The proof relies on the fact that the quantity (called the determinant) appears in the denominator when the above linear system is solved. Recall that the solution is:
Since are consecutive non-zero integers, we know, from Theorem 5, that , or . Thus the solution may be re-written as:
Since both and are even numbers, we know that the numerators above, namely and , are both even. Therefore, the expressions for and are divisible by , resulting in integer quotients.
has integer solutions if and are integers.
Notice that we have if are consecutive terms of a Fibonacci sequence (Theorem 6 above), and so the general solution
simplifies to , which are integers.
has no solution so long as (and and are not both zero).
A proof of our present theorem relies on the fact that when form a geometric sequence (Theorem 7), together with the fact that the solution to the linear system is:
Since division by zero is not allowed, we’ll be unable to determine and from the above expressions, thus no solution. But wait. How about the assumption that and are not both zero? If they are both zero, then we’ll have a trivial solution: . What of the assumption that ? Suppose that . Then, we can divide equation (8) by , obtaining
However, since form a geometric sequence with common ratio , it follows that and . This would then mean that equation (9) is the same as:
which is exactly equation (7). This is saying that if , then equations (7) and (8) are the same, meaning that there’s an infinite number of solutions to the original linear system. So we want for our theorem to hold.
If four numbers are arranged in ascending order, then the quantity always takes on constant values, under certain circumstances. In the case of even/odd numbers, it is ; in the case of Fibonacci numbers, it is ; in the case of geometric sequences, it is .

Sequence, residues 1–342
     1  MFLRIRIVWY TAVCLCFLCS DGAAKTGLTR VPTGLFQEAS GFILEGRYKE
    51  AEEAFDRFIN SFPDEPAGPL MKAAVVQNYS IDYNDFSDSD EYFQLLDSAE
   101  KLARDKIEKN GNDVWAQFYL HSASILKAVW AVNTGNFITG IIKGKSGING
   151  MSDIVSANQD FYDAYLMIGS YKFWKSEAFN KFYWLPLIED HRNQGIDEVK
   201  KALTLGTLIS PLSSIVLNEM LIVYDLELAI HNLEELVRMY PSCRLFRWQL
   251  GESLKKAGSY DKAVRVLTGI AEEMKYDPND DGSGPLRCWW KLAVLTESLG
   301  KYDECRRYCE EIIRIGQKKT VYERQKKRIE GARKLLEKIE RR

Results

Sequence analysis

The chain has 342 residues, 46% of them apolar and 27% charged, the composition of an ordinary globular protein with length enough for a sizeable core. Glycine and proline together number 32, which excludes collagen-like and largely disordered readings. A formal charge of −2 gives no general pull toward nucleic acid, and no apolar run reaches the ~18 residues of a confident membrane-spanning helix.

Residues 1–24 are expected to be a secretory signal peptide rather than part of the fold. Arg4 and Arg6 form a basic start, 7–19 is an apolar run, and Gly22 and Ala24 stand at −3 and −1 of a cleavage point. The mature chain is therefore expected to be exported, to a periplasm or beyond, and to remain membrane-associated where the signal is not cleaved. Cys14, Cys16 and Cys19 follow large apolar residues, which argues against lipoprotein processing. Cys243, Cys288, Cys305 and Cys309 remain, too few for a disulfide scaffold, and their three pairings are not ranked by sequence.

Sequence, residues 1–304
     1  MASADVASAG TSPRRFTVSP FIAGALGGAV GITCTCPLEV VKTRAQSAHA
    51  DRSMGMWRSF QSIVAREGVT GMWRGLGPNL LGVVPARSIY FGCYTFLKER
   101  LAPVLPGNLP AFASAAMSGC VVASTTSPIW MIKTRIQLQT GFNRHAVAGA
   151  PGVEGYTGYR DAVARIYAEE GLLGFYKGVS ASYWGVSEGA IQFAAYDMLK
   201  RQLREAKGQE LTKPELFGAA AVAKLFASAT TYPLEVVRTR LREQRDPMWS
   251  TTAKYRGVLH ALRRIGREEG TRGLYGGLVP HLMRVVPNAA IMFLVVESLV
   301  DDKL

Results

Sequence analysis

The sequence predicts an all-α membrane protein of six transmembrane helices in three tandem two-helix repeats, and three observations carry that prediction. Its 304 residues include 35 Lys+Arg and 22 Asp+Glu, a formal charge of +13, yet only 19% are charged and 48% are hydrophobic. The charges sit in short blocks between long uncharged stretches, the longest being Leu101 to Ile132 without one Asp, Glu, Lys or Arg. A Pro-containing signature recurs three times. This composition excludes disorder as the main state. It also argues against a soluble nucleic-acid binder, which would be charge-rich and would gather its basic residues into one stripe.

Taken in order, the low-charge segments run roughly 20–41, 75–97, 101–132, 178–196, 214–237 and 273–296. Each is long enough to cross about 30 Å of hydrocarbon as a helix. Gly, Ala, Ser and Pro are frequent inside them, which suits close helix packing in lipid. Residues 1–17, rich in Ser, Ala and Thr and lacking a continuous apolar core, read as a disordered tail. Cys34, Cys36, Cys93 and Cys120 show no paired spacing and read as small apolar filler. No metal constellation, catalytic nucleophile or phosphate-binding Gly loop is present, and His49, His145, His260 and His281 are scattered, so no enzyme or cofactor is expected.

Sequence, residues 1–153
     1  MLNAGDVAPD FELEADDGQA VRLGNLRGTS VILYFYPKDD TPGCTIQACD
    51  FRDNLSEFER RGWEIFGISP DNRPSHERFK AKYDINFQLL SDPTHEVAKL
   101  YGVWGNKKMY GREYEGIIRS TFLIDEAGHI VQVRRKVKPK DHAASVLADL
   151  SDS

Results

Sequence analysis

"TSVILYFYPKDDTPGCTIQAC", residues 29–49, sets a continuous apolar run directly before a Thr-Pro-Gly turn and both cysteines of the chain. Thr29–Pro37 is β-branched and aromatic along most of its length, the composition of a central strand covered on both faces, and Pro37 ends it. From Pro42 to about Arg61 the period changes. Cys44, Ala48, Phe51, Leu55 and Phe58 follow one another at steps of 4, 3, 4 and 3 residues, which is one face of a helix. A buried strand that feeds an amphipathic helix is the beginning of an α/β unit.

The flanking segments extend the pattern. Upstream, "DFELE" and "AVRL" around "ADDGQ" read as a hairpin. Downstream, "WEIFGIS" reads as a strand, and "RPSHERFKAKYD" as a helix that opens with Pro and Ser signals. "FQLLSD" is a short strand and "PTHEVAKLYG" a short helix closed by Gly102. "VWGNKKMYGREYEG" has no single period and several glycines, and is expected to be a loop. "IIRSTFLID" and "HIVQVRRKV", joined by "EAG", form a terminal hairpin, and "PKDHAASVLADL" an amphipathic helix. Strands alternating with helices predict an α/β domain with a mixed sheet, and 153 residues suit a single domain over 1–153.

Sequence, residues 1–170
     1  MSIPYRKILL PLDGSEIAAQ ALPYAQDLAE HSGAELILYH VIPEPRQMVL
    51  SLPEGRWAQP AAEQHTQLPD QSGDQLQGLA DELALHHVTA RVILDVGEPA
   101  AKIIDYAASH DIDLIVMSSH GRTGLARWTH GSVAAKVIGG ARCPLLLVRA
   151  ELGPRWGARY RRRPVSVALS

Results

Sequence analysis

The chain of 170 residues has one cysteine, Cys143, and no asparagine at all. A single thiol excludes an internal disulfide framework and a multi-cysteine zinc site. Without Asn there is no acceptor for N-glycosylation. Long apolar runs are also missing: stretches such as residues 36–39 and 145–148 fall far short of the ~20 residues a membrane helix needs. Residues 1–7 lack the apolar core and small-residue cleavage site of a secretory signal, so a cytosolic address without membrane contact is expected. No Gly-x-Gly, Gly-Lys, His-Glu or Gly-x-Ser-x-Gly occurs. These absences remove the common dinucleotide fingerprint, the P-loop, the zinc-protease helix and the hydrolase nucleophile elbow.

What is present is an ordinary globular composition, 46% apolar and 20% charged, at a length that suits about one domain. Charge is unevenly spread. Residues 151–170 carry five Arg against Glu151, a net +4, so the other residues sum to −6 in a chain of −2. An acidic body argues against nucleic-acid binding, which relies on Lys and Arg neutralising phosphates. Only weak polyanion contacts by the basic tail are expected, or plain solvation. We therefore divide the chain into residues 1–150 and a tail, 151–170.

- Construct an example to show that does not always imply that .
- Without requiring that form a geometric sequence, prove that it is still possible to have , where are non-zero integers that are not all equal and have been sorted in ascending order.
- Let be numbers. Under what conditions, other than the numbers forming an arithmetic sequence, can we always have ?
- Let be consecutive positive even numbers. Prove that .
- Let be consecutive positive odd numbers. Prove that .
In the spirit of today’s occasion, the poster finds it appropriate to appreciate God for a certain Thursday, June 14, 2018.
Thursday, June 14, 2018. Beautiful, beautiful day. Thursday, June 14, 2018. Beautiful, beautiful day. The poster can’t refrain from singing this refrain again and again. He’s got chance today; he just can’t refrain; he just chants that refrain.
No doubt we should keep our personal things to ourselves, but the poster couldn’t help it this time, especially considering the coincidence with today’s date, today’s event, and “that Thursday”. The magnitude of what happened makes the poster to offer tribute and gratitude to The One whose gracious attribute makes Him to distribute good things generously to all men.
So, what happened exactly? Refer to a strange word the poster used at the beginning of this post, namely “HTMLy”. Read it as “each-team-ly” (imagine how a 2 year old might pronounce it ). “HTMLy” was coined to capture two words: HTML and extremely. “That Thursday” is extremely significant to the poster because that was the day the poster was introduced to you guessed it HTML. That singular and spectacular Thursday transformed the poster’s way of thinking, the poster’s way of teaching, and — of course — the poster’s way of “thanking”.
Did you get the point the poster is trying to make? Make it a point of duty to be grateful, even for things that are little.